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How to choose a Graphic Card?
A Brief Guide
As the name suggests, the Graphics Card is responsible for the visual performance of your computer. A Graphics Card is the component you add to your Main Board to send signals to your Monitor.People often find it hard to describe the level of performance they want their Graphics Card to have. Most people want crisp images with vibrant colours but bear in mind that a good Monitor contributes to that as well. In terms of graphics display, it is important to know what your Monitor and Graphics Card is responsible for individually and the relationship between the two components.The Graphics Card is responsible for extracting the information from your CPU before sending it to your Monitor. In other words, your Graphics Card accepts signals from your CPU, makes the necessary commands to set colours and transparencies and then sends the image to your Monitor via signals. Your Monitor is responsible for displaying the signals it received from your Graphics Card as best as it could.
A Graphics Card makes use of a VGA (Video Graphics Array) port to output analog signals. Recently, a new digital connection, called the DVI, has been replacing the VGA as the new industry standard. DVI is usually found on Flat-screen monitors and has a much better signal quality. When choosing a Graphics Card, check to see if you will need DVI connections. It is cheap to buy an adapter to convert a DVI signal down to VGA but not the other way round. In fact, most DVI capable video cards already come with adapters. In other words, if you plan on purchasing a DVI-based Monitor, projector, or TV, it’s wise to buy a Graphics Card with a DVI port for your computer or home theatre system.
Top: VGA port
The quality of your Monitor largely determines the clarity of the images you see. The primary job of the Graphics Card is to prepare images for your Monitor to display. With a Graphics Processor Unit (GPU), memory and cooling system, the Graphics Card is like a secondary Main Board that helps with drawing up all images, leaving the Processor free to perform other tasks. Since the Graphics Card is like a miniature computer system, it’s difficult to measure its overall speed with a single number. Its performance can be measured in terms of clock speeds, RAM, cache, pixel pipelines and a host of other technical specifications. And to make things worse, Graphics Cards are getting more complex now with the rapid release of newer and faster cards. Here is a few important Graphics Card Specs to think about you are deciding on a Graphics Card: Core Clock – The speed of the GPU. Memory Type – There are two types that are relevant now. The DDR2 SD-RAM is an improvement of its predecessor, DDR, but it is hampered by clock speed limitations. The hottest memory for high-end Graphics Cards currently is the GDDR3 memory, which was designed specifically for Graphics Cards and can run higher clock speeds at lower temperatures compared to the DDR2 RAM. Memory Clock – The speed of your Graphics Card memory. It is measured in megahertz. Even small increases in memory speed can affect your gaming experience dramatically.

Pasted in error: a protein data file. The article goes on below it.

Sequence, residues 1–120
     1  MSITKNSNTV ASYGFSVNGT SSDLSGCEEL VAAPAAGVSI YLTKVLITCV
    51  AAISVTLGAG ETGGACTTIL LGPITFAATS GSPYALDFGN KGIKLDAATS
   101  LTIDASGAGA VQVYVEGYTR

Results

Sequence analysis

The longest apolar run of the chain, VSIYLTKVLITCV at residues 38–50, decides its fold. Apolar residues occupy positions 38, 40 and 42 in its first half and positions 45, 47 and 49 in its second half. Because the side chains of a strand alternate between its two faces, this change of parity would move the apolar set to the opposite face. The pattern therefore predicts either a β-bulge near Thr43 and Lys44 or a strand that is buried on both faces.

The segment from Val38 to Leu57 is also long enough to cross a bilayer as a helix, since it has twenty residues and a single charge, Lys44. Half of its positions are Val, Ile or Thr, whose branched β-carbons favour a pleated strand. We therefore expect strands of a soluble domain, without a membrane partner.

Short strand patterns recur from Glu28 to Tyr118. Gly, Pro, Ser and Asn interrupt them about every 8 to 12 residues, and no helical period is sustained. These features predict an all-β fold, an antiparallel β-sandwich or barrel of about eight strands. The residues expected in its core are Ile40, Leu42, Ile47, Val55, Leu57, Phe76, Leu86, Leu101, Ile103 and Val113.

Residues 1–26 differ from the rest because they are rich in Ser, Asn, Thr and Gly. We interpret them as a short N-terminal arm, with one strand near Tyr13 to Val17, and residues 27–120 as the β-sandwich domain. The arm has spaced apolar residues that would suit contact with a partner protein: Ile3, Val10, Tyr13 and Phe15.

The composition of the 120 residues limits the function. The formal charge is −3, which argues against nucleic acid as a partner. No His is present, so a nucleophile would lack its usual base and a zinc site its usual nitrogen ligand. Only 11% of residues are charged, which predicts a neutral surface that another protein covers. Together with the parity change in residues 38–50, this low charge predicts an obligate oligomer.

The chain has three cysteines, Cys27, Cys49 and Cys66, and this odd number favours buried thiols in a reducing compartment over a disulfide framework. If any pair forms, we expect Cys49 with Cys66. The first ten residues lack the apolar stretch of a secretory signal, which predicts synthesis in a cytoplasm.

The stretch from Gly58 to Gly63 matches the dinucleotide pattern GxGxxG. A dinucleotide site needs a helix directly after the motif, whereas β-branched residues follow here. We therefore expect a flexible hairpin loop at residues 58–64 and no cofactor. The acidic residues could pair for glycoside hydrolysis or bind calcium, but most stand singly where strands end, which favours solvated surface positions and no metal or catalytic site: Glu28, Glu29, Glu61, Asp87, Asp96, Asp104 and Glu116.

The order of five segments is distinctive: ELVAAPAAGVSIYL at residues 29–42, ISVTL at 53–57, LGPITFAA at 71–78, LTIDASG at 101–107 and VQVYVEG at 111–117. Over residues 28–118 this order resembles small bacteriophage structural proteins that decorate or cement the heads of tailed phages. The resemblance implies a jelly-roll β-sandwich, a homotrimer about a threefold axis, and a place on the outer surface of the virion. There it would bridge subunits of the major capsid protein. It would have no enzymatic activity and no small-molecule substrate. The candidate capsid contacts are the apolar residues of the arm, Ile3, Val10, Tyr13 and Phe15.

Picking a Graphics Card
The two major chipmakers ATI and nVidia are always head on against one another on every chip they release, each time making significant improvements. Hence, choosing a Graphics Card nowadays is very difficult. And we’re not even talking about all the other brands out there such as Leadtek, Sapphire, Asus etc. If you add up all the Graphics Card available in the market, it may well hit over 200. Here, we will try to help you find one that will suit your needs and budget.If you already have two Graphics Cards to choose between, the easiest way to do this is to make benchmark comparisons between them. This excellent tool from Tom’s Hardware will let you do just that. Just follow the link below: http://www23.tomshardware.com/graphics.html